Louise Bourgeois: L for Labyrinth, B for Beauty

French-American artist Louise Bourgeois is the woman behind more than 3,000 works of art including sketches, prints, jewelry, sculptures in wood, fabric, plaster, and rubber, as well as her monumental spiders. A coffee-table book designed in the style of a glossary has been published by Rizzoli to commemorate the career of the woman known as the “lioness of contemporary art.”

From her first steps with the Parisian Surrealists in the 1930s to her international triumph during the 1990s, Louise Bourgeois’ career spanned more than 75 years. She moved to New York to be with her American husband in 1938, and spent the rest of her life in the city. And despite becoming a naturalized U.S. citizen in 1955, she never lost her cheeky Parisian accent. After working as an art teacher at Brooklyn College and the Pratt Institute, she became an artist herself and began painting before creating sculptures influenced by Giacometti and Le Corbusier.

However, recognition was a long time coming. Louise Bourgeois was 71 when the world’s museums began organizing retrospectives of her work. She then received the National Medal of Arts from Bill Clinton in 1997, and the Légion d’Honneur from Nicolas Sarkozy in 2008. The artist passed away two years later at the age of 98 and is buried in Cutchogue Cemetery in Long Island.

The spider sculpture is one of Louise Bourgeois’ most iconic pieces of work, and there are several versions exhibited in France and the United States. In Bentonville, Arkansas, a creature 30 feet high towers over the courtyard at the Crystal Bridges Museum of American Art. Visitors have their photos taken under the eight bronze legs before going into the museum. The animal is named Maman (“Mom”), in reference to the artist’s mother who died of the Spanish flu when she was 21. The web-weaving spider is another nod to her mother and her work as an ancient tapestry restorer in Choisy-le-Roi, south of Paris. Louise Bourgeois first discovered her artistic side in her family’s workshop by drawing the patterns her mother used for weaving.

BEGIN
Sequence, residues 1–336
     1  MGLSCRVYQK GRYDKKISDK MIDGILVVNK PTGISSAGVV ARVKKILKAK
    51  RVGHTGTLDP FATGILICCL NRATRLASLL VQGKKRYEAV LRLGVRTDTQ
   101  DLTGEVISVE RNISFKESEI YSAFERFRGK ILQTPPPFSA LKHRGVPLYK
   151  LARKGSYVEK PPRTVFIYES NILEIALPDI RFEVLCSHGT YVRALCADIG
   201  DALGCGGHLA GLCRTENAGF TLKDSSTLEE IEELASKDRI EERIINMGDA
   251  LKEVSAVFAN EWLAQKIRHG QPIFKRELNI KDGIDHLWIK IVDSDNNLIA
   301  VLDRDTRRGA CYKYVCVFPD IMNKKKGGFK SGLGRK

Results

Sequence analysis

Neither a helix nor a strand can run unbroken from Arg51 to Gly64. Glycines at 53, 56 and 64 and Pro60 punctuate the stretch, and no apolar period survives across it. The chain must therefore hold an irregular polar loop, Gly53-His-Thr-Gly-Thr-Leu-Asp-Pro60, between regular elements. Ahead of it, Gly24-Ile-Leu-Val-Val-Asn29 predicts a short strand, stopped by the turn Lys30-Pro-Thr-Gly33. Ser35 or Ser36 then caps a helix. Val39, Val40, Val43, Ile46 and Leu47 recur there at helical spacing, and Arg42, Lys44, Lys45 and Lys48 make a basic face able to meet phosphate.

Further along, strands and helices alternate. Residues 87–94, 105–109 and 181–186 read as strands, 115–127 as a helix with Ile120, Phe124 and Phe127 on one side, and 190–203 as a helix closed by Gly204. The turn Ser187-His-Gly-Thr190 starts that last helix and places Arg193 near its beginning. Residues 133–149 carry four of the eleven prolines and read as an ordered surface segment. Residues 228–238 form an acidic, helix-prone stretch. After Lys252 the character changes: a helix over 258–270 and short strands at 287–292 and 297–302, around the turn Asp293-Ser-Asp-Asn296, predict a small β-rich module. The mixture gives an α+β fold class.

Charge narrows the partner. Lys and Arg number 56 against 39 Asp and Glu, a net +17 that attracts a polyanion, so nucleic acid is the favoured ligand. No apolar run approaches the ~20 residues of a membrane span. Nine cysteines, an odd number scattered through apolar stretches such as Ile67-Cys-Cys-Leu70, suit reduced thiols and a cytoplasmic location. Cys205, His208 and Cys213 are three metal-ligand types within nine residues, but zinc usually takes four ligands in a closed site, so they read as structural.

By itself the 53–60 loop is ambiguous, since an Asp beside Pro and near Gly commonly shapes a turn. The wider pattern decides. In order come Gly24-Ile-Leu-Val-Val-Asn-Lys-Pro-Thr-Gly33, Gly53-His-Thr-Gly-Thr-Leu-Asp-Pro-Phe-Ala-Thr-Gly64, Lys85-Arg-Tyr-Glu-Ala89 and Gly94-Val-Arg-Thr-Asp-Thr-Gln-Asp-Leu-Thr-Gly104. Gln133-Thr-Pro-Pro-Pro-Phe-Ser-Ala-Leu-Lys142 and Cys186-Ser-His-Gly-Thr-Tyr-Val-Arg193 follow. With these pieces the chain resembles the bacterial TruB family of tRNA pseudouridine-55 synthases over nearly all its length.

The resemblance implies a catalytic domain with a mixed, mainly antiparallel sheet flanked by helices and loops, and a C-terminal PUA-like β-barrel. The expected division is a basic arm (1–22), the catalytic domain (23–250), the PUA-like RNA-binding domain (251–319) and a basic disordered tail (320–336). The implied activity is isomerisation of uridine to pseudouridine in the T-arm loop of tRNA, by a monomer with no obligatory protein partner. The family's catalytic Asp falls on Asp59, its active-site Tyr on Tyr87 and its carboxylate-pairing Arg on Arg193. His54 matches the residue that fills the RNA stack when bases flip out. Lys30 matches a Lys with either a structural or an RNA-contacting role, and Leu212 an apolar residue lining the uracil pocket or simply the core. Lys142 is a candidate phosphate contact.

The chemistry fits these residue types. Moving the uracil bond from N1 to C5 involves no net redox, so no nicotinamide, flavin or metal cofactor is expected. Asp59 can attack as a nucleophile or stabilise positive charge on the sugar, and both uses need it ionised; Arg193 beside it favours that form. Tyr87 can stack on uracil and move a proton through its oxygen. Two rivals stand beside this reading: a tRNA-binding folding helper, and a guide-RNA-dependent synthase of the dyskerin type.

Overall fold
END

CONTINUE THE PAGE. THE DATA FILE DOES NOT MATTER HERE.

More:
C FOR CHELSEA On Sunday afternoons, Louise Bourgeois hosted various guests at her home at 347 West 20th Street in the Chelsea neighborhood of New York. She received students, artists, journalists, and curators who would come to present their work to her. “The experience could be quite brutal,” says French photographer Dominique Nabokov, who lived next door. “Woe betide anyone who expected compliments or polite encouragement. Her pithy questions were quite fearsome! There was an atmosphere of almost religious adoration that infused these Sunday meetings.”


Louise Bourgeois’ living room, in the Chelsea neighborhood of New York, in 1997.
© Dominique Nabokov

F FOR (THE DESTRUCTION OF THE) FATHER In 1974, Louise Bourgeois used her art to sacrifice her father, a violent, humiliating, unpredictable figure. The resulting installation was titled The Destruction of the Father. In a morose interior space bathed in red light, viewers can make out a table on which dismembered body parts have been arranged. The tyrant is dead; his wife and children have killed and eaten him. The artist’s hatred for her father influenced her entire career. “It was my specialty,” she said. “I made fun of fathers. I tried to ridiculize them. La Rochefoucauld said ‘Le ridicule tue.’ And this is what I was trying to do. Eliminate them.” Her sculpture Fillette (1968) portrays a phallus hung from the ceiling by a butcher’s hook. She even posed with the plaster and latex member under her arm for the photographer Robert Mapplethorpe!